If you experience leg movements that are severe enough to interfere with your sleep they’re worth talking to a doctor about.

Emotions and anxiety

If you’re feeling anxious about labour and childbirth, it’s probably also making it harder for you to drift off to sleep and get quality sleep at night. While pregnant it’s also not uncommon for women to feel anxious or worried about their commitments at work or the way their relationship with their partner is changing. You may have difficulty getting to sleep or have dreams about labour or becoming a parent that make you a bit anxious. Remember they are just dreams and talk to your partner or a friend about them.

But make sure the odd anxious or upset feeling doesn’t turn into constant worry or feelings of hopelessness. Depression and anxiety symptoms should be discussed with your doctor.

Pregnancy sleep tips

  • Avoid sleeping tablets including those sold over the counter at pharmacies and herbal remedies. They can have dangerous side effects for your baby.
  • Sleep on your left side with your knees and legs bent to help nutrients flow to your growing baby and your womb and kidneys.
  • Make sure you have a comfortable sleep potion by supporting your belly, arms and legs with pillows or a pregnancy pillow.
  • Plan your sleep! Make a schedule and ensure getting enough sleep is a priority. Get yourself into a good sleep routine, going to bed at the same time each night and waking up at the same time each morning.
  • Go to bed a little earlier than usual so you get a bit of extra sleep every night.
  • Consider napping for an hour or two in the day if you find that you’re not getting enough sleep at night. But try to nap earlier in the day so you don’t disturb your sleep at night.
  • Ensure you have a good mattress and pillow that support your neck and spine.
  • Raise the head of your bed or use an extra pillow to avoid indigestion or heartburn.
  • Relax for 15 minutes or so before bed, for example by having a warm bath.
  • Eat a healthy pregnancy diet, maintain a healthy weight and avoid foods that cause heartburn.
  • Exercise everyday unless your doctor advises you not to. It can give you an energy boost and relieve symptoms like leg cramps (especially if you give your calves a good stretch as part of your routine).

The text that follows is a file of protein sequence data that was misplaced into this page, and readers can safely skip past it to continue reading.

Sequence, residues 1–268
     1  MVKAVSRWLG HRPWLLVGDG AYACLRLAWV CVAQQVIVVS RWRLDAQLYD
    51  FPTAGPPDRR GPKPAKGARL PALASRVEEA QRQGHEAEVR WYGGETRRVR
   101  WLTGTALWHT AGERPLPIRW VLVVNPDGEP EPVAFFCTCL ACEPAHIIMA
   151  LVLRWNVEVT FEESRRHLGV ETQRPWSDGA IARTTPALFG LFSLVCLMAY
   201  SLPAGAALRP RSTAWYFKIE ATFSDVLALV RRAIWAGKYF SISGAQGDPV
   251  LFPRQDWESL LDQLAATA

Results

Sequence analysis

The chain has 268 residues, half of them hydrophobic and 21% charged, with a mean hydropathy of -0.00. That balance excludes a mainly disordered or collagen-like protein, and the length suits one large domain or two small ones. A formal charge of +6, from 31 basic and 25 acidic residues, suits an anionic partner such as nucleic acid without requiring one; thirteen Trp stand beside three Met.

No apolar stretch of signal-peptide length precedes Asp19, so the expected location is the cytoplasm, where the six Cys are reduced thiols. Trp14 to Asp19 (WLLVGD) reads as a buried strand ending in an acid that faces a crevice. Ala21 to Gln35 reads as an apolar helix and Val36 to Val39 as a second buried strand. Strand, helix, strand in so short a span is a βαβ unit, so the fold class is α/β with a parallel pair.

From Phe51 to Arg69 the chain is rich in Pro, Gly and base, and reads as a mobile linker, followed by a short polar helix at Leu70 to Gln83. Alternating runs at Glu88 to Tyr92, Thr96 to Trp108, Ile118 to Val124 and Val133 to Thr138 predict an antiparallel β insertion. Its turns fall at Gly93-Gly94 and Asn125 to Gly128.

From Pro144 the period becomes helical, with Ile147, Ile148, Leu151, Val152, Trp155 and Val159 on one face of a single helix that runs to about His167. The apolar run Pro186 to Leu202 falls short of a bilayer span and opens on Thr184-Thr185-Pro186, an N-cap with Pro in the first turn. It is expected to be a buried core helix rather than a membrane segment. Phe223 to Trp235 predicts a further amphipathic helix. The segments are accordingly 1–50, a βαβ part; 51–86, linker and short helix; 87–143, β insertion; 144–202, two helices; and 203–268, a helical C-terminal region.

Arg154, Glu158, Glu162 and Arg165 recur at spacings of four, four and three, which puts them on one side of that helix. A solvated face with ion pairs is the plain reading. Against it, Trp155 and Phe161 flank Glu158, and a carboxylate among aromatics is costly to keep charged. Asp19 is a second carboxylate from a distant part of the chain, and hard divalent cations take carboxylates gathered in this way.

• Avoid eating big meals for a few hours before you go to bed. If morning sickness is not only affecting you in the morning and also keeping you up at night, try a few dry crackers before bed.
  • Raising your head with pillows when lying down and avoiding certain foods relieve heartburn.
  • Avoid unwanted toilet trips that disturb your sleep by managing your fluid intake. Avoid drinks containing caffeine. Drink plenty of fluids early in the day so you don’t feel thirsty and need to drink close to bedtime.
  • Don’t worry if you can’t make it through the night without a wee- it’s perfectly normal for pregnant women to make more than one trip to the toilet at night. Leave a soft light on in the bathroom so that you don’t wake yourself up even more by turning on a bright light when you have to go to the toilet.
  • For leg cramps, try pushing the affected leg into the wall or standing on it. Stretching your calves can also help.
  • Keep your bedroom only for sleep and sex.
  • Get stress relief by talking to your doctor or a trusted friend about concerns or attending pregnancy classes to relieve your anxieties about child birth.

One of the best things you can do is accept the changes to your sleeping patterns. Rest assured that as much as they are frustrating and make dealing with pregnancy challenges a bit more difficult, sleep disturbances are not doing you or your baby any harm. With your baby soon to enter the world, it’ll probably be quite a while before you get back to a pattern of regular easy sleep.

References

  1. Sleep Health Foundation. Pregnancy and Sleep. 2012. (cited 20 September 2014). Available from: (URL Link)
  2. Mayo Sleep during pregnancy- follow these tips. 2013 (cited 30 September 2014). Available from: (URL Link)
  3. National Sleep Foundation. Pregnancy and Sleep. 2014 (cited 30 September 2014). Available from: (URL Link)
  4. Office on Women’s Health- United States Department of Health and Human Services. Pregnancy- Body Changes and Discomforts. 2010. (cited 30 September 2014). Available from: (URL Link)
  5. American Pregnancy Association. Sleeping Positions During Pregnancy. 2007. (cited 25 September 2014). Available from: (URL Link)
  6. Pien GW, Schwab RJ. Sleep Disorders During Pregnancy. Sleep. 2004; 27(7): 1405-7. Full Text: (URL Link)
  7. Medline Problems sleeping during pregnancy. 2012. (cited 30 September 2014). Available from: (URL Link)
  8. National Health Service. Tiredness and Pregnancy. 2013. (cited 30 September 2014). Available from: (URL Link)
  9. American Chiropractic Association. Proper Sleep Ergonomics. 2011. (cited 25 September 2014) Available from: (URL Link)
  10. Woods M. Pregnancy and Sleep: A contradiction in terms? 2014. (cited 25 September 2014). Available from: (URL Link)
  11. Women’s and Children’s Health Service- Department of Health Government of Western Australia. Physiotherapy Before and After Childbirth. 2006. (cited 30 September 2014). Available from: (URL Link)
Date Created: October 4, 2014 Date Modified: June 8, 2016